Photograph courtesy of Cory Papadopoli.

House in Town Hill

Architecture is an inevitably destructive act. Something is destroyed through the process of creation: landscape, resources, culture. This house seeks to minimize its burden on the environment, delicately poised within the landscape, both efficient and economical.

The building is informed by the site and its microclimate. It is located on a narrow ridge that runs east/west and opens onto a small clearing. To minimize impact on the site while maximizing solar gain, a long narrow plan evolved. Its volume was further informed by the simplest, most economical building form: a box. Furthermore, its materiality evokes the forest it engages: natural wood that will gray over time and muted metal that responds to the lighted canopy. The house that acts as a receptacle for light, nimbly floating above the forest floor, opening up to its sylvan setting. It is not in conflict with its surroundings; instead it seeks to engage them.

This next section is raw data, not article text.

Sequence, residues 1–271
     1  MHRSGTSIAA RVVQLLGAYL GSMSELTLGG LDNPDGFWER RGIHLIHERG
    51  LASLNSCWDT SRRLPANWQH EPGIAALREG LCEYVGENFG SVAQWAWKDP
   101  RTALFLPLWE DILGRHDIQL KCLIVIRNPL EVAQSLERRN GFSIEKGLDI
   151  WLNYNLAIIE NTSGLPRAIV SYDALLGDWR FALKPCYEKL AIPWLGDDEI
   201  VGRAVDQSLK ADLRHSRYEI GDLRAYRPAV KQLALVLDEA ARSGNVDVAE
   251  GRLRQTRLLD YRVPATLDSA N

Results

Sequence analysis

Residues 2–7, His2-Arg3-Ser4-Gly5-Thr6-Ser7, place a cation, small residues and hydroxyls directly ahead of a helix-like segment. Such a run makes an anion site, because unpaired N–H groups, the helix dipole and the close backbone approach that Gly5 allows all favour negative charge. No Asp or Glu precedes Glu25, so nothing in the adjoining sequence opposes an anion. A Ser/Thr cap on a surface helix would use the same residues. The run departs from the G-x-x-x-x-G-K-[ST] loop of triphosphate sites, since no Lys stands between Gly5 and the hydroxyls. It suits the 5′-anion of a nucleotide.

The building form and plan were stripped of unnecessary space and appurtenances. It is small, but only relatively so. The space is as big as it needs to be and the large expanses of glass and deck allow the house to expand beyond the walls that seek to contain it. It was built economically and will require minimal maintenance. In time, it will fade into the forest.